Arthur confronts his mother and later confronts Thomas Wayne, each with their own version of events. Penny says they had an affair that resulted in Arthur and Thomas saying that Penny is mentally ill, was previously committed, and that Arthur was adopted and abused as a child.

(As a side note, PBA is caused as a result of head trauma)

Despite all of this Arthur does manage to get on stage to do comedy, but as his nerves get the best of him, the laughter on stage creates a terrible set. This set is will be videoed and later shared with Murray Franklin who would criticize and ridicule “the joker on the video” on air, which leads into the ending.

Throughout all of this, we see Arthur and Sophie going out on the town. She’s in the club during Arthur’s performance and she’s with him as he sits with his mother at the hospital when she suffers a stroke. This is one of the few things that brings Arthur joy.

There are so many elements to the overall story that I just can’t and shouldn’t try to pack this all in here. What gives this story a bonus is how well all the elements play into the ending of the film; each element or each action directly leads to the next beat for the entire runtime. There are no wasted scenes. Every bit drives Arthur to the madness that would create Joker. It’s masterful.
Story: 2 points = 1 bonus point

Ending: After the Subway Murders and Thomas Wayne’s interview where he calls Gotham City citizens “clowns”, a movement began in the streets with even the headlines reading “Kill the Rich.” People were looking at the Subway Murders as the rich finally getting what they deserve after subjecting the People to these dirty, filthy conditions while they stay clean and well in their estates. The unknown, clown-masked killer is heralded as a savior of sorts.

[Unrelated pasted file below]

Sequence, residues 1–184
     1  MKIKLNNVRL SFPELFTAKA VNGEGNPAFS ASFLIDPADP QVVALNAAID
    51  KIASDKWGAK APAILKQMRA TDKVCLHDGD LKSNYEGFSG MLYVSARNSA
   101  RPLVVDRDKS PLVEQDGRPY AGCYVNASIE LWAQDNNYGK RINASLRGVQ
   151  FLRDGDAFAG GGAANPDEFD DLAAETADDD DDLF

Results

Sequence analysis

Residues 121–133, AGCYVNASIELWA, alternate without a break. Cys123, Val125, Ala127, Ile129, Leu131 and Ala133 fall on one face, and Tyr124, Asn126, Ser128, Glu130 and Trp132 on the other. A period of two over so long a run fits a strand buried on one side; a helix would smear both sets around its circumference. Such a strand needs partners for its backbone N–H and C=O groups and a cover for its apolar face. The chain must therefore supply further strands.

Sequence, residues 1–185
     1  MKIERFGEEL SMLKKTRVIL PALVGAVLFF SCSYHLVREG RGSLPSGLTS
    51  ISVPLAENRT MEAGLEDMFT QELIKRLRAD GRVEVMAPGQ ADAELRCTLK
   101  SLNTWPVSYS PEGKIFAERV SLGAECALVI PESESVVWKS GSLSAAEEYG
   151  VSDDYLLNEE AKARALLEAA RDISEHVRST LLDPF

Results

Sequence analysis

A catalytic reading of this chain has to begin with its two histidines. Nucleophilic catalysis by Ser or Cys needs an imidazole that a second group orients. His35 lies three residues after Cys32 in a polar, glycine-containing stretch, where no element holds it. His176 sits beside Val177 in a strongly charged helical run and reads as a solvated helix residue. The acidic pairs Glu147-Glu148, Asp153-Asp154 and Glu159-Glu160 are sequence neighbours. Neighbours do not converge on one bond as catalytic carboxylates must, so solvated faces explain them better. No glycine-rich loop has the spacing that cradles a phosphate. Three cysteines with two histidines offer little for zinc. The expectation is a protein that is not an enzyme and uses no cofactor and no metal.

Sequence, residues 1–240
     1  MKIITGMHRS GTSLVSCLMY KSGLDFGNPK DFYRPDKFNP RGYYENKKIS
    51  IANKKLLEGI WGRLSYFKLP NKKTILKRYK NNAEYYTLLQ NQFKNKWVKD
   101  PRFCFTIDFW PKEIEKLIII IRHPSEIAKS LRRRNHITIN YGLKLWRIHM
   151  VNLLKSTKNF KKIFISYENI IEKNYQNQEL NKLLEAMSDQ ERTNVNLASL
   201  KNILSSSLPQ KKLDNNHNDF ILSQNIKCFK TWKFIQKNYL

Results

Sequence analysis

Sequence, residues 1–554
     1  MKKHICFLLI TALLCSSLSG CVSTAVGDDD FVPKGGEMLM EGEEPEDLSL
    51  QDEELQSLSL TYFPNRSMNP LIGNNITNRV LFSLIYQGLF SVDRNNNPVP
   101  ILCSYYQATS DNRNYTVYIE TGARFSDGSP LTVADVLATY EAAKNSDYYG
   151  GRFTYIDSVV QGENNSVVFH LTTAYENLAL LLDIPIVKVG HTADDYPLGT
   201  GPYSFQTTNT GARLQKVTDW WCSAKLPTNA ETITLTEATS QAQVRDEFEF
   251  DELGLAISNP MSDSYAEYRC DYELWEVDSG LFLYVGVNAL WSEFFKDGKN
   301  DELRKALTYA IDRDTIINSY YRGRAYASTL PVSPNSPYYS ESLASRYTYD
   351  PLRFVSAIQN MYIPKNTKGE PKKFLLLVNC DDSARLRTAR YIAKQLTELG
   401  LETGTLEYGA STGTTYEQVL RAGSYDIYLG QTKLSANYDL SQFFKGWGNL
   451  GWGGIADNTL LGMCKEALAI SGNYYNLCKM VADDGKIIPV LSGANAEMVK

While the killer is unknown, detectives have their clues and they’re leading to Arthur. All the while, Arthur is confronted with the truth about what Thomas Wayne said about his mother. This, along with all the events of the movie to this point has led to Arthur’s breaking point.

Arthur goes home but isn’t in his apartment. He’s in Sophie’s apartment. Not so strange, right? They’ve been seeing each other, right? Wrong! Sophie is confused as to why Arthur is sitting on her couch. “Your name is Arthur, right?” is the best line because this is where we discover that Arthur has invented his relationship with Sophie, which I picked up on in a scene where Arthur is caught having followed Sophie earlier in the day. In this conversation, Sophie jokes that when she saw him, she was hoping he’d rob the place. He said that he does have a gun and can just go down there tomorrow, which leads her to say, “You’re so funny, Arthur”. That line is a big deal because they never introduced themselves to each other in their only scene together prior.